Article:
Portland Farmers Market

Portland Fashion Synergy

Portland Fashion Week

Portland Festival Symphony

Portland Fire Bureau

Portland French School

Portland Institute for Contemporary Art

Portland Opera Association

Portland Public Schools

Portland Rose Festival Association

Portland Women’s Foundation

Prevent Child Abuse GA

Primavera Foundation

Prince of Peace Catholic Community

Pastoral Counseling Center


Project Angel Heart

Project for Pride in Living

Project HOPE

Project NOW

Project Salina

Project Transitions

Prometheus Film Festival

Provincetown International Film Festival

Q Cinema Film Festival

Raptor Rehabilitation

Read for Life


Red Cross

Regional Arts & Culture Council

ReTune Nashville

Riley Hospital for Children

River City Brass Band

RiverBend Cancer Services

Roadrunner Food Bank

Rock ‘N’ Roll Camp for Girls

Rolling Readers

Ronald McDonald House Charities

Roots In The City

Rosa Parks Elementary School

Rose Home for Women

Rotary Club

Royal Gardens Association

Ruth House


S.E.E.K. Arizona

Sacred Heart Grade School

Safari Seconds

SafeHaven of Tarrant County in Fort Worth

SafeHaven Women’s Shelter


Safer Foundation

Saint Margaret’s House

Society of Saint Vincent de Paul

Salina Community Theatre

Salina Regional Health Center

Salvation Army

Salvation Army/Angel Tree

Salvation Army Shelter

Samaritan House

San Antonio Food Bank

San Diego Food Bank

San Diego Police Department

San Diego Wildfire Relief

Sanctuary, Inc.

Sandy Springs Police Department

Sarasota Military Academy

Scott County Family YMCA


Search and Rescue

Second Baptist Church

Second Harvest Food Bank

Second Harvest Heartland

SECU (Southeastern Credit Union) House,

Chapel Hill, NC

Sergeant Electric Services

Shake-A-Leg Foundation

Share Our Strength

Sharing & Caring Hands of Minneapolis, MN

She’s the First

Shepherd’s Heart Veterans Home

Sherri’s Wishes

Signal Behavioral Health Network

Sister Kenny International Art Show

Slow Food


So Others Might Eat

Soldiers’ Angels


South Bend Animal Care and Control

South Bend Center for the Homeless

South Bend Unity Gardens

Southlake Green Day

Southwest Washington Sierra Club


Special Olympics

Springboard for the Arts (MN)

Springettsbury Township Saturday in

the Park

St. Ambrose University

St. Frances Hospital

St. John’s Episcopal Church

St. Joseph The Worker

St. Jude House

St. Luke’s Home for the Elderly

St. Pius X Spiritual Life Center

St. Vincent De Paul

St. Vincent Meals on Wheels

Stepping Stone Shelter for Women

Stonewall Democrats

Stop Child Abuse & Neglect (SCAN)

Stray Rescue

Style Wars

Suicide Awareness Voices of Education


Suicide Prevention Action Network of


Sunnyside Presbyterian Church Food Pantry

Sunshine Acres Children’s Home

Surfrider Foundation USA

Susan G. Komen Race for the Cure

Susan G. Komen Breast Cancer Foundation

Symphony of the Americas

Take Flight Leadership Program

Tanner’s Touch (local cancer organization)

Tarrant County Gay Pride Week

Association’s Parade and Picnic

Taste of PA Wine Fest

Taylor Memorial Library

Teddy’s Rescue

Tesla Science Foundation

Texas Association for Counselor Education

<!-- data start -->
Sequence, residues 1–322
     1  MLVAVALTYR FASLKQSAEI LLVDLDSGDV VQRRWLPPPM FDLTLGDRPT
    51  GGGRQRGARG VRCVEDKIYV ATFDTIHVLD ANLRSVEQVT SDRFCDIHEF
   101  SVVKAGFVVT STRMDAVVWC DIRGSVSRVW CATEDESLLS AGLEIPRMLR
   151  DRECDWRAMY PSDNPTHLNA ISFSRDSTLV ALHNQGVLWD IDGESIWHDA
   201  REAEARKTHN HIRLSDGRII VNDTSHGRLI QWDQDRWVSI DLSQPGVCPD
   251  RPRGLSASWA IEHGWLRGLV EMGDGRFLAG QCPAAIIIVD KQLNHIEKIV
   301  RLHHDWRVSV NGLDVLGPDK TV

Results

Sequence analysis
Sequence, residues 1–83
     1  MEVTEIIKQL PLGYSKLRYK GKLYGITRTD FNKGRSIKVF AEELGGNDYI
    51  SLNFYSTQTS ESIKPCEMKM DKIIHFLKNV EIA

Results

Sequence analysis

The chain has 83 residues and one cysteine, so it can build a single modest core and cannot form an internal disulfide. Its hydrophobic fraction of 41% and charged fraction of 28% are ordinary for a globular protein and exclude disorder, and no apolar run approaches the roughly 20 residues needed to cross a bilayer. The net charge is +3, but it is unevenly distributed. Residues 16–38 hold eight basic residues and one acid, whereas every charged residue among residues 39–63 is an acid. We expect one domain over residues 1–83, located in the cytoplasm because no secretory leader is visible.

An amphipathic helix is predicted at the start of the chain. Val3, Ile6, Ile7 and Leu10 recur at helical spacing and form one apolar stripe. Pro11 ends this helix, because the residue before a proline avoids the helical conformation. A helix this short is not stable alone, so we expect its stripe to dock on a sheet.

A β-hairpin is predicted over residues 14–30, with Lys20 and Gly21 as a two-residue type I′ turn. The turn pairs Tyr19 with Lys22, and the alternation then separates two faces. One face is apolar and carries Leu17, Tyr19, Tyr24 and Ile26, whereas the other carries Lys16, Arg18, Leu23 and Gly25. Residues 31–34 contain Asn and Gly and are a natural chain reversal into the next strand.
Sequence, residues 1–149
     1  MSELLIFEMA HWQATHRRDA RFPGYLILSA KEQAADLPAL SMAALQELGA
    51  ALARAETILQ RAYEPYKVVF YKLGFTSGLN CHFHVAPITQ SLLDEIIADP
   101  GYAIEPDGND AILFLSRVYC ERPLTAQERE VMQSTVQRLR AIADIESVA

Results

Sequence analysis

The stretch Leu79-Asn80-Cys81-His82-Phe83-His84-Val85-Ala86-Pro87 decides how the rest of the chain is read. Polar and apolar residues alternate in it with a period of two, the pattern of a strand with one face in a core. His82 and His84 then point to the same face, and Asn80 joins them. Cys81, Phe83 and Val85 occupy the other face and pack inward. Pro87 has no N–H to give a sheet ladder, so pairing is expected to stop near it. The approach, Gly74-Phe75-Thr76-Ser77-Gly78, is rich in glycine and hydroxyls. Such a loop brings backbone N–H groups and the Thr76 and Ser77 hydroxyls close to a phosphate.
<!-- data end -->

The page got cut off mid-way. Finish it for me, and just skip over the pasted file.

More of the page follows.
and Supervision (TACES)

Texas State Democratic Party

The 2009 Houston International Festival

The Aliveness Project

The Aurora Foundation

The Charlotte (NC) Art League

The Charlotte (NC) Trolley Powerhouse


The Education Foundation

The Family Resources

The Hazlett Theater

The Ladder Alliance

The Leukemia & Lymphoma Society

The Literacy Volunteer Organization of


The Mask Project & The Denver Hospice

The National Institute for Occupational Safety

and Health (NIOSH)

The Office of City of Pittsburgh Mayor Luke


The Pittsburgh Chamber Music Society

The Ralph McGill Civil Rights Museum

The Right Brain Initiative

The Salvation Army

The Stark County Humane Society

The Stewart Center

The Stewpot and Second Chance Café

The Storehouse Food Bank

The Veteran Administration

The Williams Community Foundation

Youth and Families First

The Woman’s Hospital of Texas 7th Annual

Labor Day Luncheon & Style Show

The Women’s Connection

Three Rivers Harley-Davidson

TLC for Children & Families

Town of Brookline


Toys for Tots

Trade Works

Transition Projects, Inc.

Truly Nolen

Tu Nidito & Tucson Ladies Council

Tucson Diaper Bank of Southern Arizona

Tulsa Community Food Bank

Turning Point

Twenty-First Century Learning Center

U.S. Fish & Wildlife Service


United Blood Services

United Way

United We Can Foundation

University City Partners Green Goats &

Gardens Festival

Upstate Women’s Show

Urban League

Urban Ministry Center

USELESS Sustainable Products


VAE (Visual Art Exchange)–fashionSPARK

Vancouver Opera

Veteran’s Day Parade; Clarksville, TN

Veteran’s Hospital

Veterans Administration Medical Center

Virginia Garcia Memorial Foundation

Visit Denver

Visiting Nurse Association Grief Luncheons

VIVA Quad Cities

Voices for Children

Voices for Education

Volunteer Center of Durham (Share your

Christmas, Backpacks for Kids)

Volunteers of America

Wallace Medical Concern

Walter Ames, Community Blood Center

Watts Center

Waverly Children’s Center


Wellspring Support

Western Kentucky Regional Blood Center

Western State Hospital

Wildlife Forever

William Temple House


Woman 2 Woman Breast Cancer Foundation

Women In Film and Media

Women of Tomorrow

Women’s Resource Center

Woodley Manner Nursing Home

World Affairs Council of Pittsburgh

World Awareness Club Toy Drive

World Forestry Center

Wounded Warrior Project

Yawkey Club of Roxbury

YCAL (York County Alliance for Learning)

Yellow Ribbon Support Group


Yoplait for Breast Cancer

York Barbell mural

York County (SC) Cancer Association

York County Bar Association

York County Habitat for Humanity

York Cultural Alliance fund-raising

York Rescue Mission

York Spanish American Center

York Women’s Show

York YWCA Race Against Racism

YPAL and Habitat LEED Building


Zion Hill Missionary Baptist Church

Food Pantry



More magazines by this user
Similar magazines